By LeiLani Dowell
What are some reactions of youth to the global economic crisis?
Michael Steinman, a teacher at Village Academy High School in Pomona, Calif., recently asked his students how they were being affected by the economic crisis. Their responses—filled with grief and worry—led to the creation of a video interview, produced by Steinman and the students and featured at youtube.com.
Student Yvonne Bojorquez said: “We’ve all been affected by this economic crisis. I mean, we’re all college-bound students, right? But the way things are going, we’re not gonna be able to make it.”
Evelyn Aguilar described her situation: “We lived in a home for three years, and we lost it about, almost a year ago. It was the first ‘American Dream’ my parents could have accomplished, but they did not know interest would rise. … So we moved with our aunt. There are currently 12 of us in a one-room house.”
In tears, Jennifer said: “It makes me really mad because the people we trusted the most with all our money and with everything ended up making things worse for us. So I can’t imagine what’s gonna happen for our generation.”
BBC News received similar responses of despair when it interviewed students from three different countries on the eve of the London summit of the G20—The Group of Twenty finance ministers and central bank governors.
In Mbabane, Swaziland, students said: “Maybe we will have to tone down our dreams. A lot of people are losing their jobs.” Others in Glasgow, Scotland, said: “We have seen our parents struggle to keep up with their household bills and pay for fuel. Those of us whose families are among the two million unemployed are finding it especially difficult to cope.”
In Islamabad, Pakistan, students told the BBC: “Since the financial crisis plagued the world, prices shot up suddenly and now even fulfilling the daily necessities is difficult. … A period of high unemployment may see a waste of the brilliant potential of our youth.” (March 28)
As the economic and financial crisis circles the globe, youth and students are increasingly caught in its net. What is outrageous is that these terrible hardships and the bleak outlook that youth face are inherent to the system we all live under.
Capitalism cannot exist without exploiting working people. In order to gain the most profit, capitalist corporations and businesses must pay workers the least amount possible. Capitalist governments, which have as their first priority the preservation of the capitalist system, only provide services to workers in response to the workers’ fight for their rights—and in fear that the workers will decide to get rid of capitalism itself. They promote racism, sexism and homophobia to try to get us to fight amongst ourselves instead of fighting them.
When the going gets tough, as in current times, the government seeks to bail out the capitalists—not you and me, who are suffering the most.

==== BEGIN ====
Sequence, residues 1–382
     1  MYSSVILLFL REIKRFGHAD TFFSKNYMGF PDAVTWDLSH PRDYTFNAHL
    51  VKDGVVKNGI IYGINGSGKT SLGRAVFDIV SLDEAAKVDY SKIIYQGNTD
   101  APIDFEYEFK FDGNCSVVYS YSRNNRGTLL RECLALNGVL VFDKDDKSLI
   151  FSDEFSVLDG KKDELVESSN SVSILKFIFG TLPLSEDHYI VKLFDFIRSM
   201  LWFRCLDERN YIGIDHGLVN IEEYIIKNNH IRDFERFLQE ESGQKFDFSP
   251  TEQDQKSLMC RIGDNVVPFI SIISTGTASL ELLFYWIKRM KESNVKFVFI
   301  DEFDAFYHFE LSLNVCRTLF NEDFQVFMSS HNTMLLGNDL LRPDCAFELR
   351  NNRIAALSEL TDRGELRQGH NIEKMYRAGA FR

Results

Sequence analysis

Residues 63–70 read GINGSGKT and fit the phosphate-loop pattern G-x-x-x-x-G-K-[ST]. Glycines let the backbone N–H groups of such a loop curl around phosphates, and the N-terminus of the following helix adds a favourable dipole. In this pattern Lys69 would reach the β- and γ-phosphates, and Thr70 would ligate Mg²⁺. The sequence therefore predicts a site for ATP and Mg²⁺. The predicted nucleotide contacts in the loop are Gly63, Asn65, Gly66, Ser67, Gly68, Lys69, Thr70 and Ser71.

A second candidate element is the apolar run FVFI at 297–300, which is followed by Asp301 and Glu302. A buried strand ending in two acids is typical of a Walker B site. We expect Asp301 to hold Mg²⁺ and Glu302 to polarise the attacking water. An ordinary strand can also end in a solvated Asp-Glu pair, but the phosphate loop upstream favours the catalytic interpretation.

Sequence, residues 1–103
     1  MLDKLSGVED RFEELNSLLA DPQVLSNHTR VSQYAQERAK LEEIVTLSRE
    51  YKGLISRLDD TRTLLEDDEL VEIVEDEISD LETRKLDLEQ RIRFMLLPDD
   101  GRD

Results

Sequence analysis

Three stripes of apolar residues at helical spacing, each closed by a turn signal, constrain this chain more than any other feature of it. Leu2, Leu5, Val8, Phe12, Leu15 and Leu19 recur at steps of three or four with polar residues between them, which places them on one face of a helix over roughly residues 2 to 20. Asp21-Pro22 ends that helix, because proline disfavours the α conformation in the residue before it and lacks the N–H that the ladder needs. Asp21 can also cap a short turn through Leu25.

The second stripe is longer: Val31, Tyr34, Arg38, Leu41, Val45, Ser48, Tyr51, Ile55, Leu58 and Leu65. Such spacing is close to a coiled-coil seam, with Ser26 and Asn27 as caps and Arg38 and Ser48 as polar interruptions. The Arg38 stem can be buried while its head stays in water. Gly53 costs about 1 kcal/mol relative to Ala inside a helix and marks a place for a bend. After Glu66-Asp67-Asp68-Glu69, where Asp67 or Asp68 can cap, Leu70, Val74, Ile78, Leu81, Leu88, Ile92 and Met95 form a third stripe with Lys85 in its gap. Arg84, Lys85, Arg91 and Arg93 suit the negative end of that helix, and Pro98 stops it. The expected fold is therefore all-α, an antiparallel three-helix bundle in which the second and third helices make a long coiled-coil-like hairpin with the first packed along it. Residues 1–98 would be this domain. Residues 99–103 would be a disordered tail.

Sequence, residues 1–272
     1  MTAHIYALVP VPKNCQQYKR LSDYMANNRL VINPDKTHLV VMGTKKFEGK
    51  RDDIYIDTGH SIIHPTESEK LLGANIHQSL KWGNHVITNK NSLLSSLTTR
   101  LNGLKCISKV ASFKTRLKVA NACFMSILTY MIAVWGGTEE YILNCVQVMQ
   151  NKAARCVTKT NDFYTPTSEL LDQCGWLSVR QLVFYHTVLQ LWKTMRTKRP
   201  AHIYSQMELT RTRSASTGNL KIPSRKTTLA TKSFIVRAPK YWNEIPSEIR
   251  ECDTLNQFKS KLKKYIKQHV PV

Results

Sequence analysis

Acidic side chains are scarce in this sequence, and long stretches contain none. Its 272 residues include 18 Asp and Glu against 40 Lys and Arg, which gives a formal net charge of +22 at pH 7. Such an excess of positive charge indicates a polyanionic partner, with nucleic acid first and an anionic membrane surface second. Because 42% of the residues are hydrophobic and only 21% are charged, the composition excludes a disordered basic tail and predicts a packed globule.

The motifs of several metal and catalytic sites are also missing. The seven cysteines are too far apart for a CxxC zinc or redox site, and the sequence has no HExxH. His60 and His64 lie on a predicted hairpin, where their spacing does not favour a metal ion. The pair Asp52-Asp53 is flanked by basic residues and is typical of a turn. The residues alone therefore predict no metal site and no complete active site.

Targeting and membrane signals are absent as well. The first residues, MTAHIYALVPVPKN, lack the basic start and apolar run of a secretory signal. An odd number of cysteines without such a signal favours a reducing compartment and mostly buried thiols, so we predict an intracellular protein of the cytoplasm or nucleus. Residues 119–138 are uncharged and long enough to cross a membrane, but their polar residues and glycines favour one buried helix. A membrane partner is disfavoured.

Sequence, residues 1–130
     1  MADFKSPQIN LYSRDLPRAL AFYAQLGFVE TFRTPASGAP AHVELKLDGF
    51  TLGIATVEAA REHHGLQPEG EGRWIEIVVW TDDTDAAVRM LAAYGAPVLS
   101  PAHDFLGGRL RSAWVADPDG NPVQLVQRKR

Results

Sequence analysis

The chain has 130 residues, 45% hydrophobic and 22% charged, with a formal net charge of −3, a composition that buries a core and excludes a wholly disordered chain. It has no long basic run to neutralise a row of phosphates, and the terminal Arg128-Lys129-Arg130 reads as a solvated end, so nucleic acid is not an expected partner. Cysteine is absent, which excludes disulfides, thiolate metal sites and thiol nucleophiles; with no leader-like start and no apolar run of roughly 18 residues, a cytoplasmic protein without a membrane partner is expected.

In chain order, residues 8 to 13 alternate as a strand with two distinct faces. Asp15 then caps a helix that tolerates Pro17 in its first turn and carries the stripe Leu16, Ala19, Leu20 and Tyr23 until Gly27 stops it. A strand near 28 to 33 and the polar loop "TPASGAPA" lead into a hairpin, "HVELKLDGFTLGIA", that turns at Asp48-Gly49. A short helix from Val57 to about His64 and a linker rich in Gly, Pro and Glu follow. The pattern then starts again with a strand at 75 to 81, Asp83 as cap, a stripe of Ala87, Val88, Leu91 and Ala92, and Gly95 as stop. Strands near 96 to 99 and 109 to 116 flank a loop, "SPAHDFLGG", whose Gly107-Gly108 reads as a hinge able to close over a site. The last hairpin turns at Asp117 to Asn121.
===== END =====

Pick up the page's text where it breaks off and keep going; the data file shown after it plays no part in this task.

It’s time we got rid of this system.
Another system exists in Cuba, where a socialist revolution occurred 50 years ago. There youth are guaranteed free health care and quality education, all the way through college, that won’t saddle them with a lifetime of debt. Cuba even provides scholarships for youth around the world to attend its medical school, as long as they promise to return home to serve the underserved. All this is done as Cuba faces a blockade from the U.S., making it harder for the country to get medical supplies, food, technology and more.
Under socialism, the priority is people and not profits. So the need to discriminate and oppress people on the basis of sexuality, race or gender disappears. Cuba has implemented a number of social programs to combat the legacy of sexism, racism and homophobia that originated with the island country’s colonization by capitalist forces.
Cuba had its own rough time, known as “the Special Period,” which occurred after the collapse of the Soviet Union, Cuba’s main trading partner. Everyone suffered as a result—and it was everyone, not just the workers and the poor—but even during the Special Period, not one hospital or school closed.
Cuba values its youth. Youth in the Union of Young Communists have been given responsibility, over the years, to implement literacy campaigns, to defend the revolution and to help rebuild the country’s infrastructure after the Special Period. Rather than demonize youth culture, the Cuban government has embraced hip-hop culture, even creating a Cuban Rap Agency with its own record label and magazine.
Youth in the U.S., and around the world, need socialism—a system where the needs, growth and development of the person and the community come first and foremost. As capitalism gets battered by its own natural tendencies, let’s help tear it apart.
Dowell was a participant in a 2007 delegation to Cuba led by the youth group FIST—Fight Imperialism, Stand Together. Visit http://www.fistyouth.org.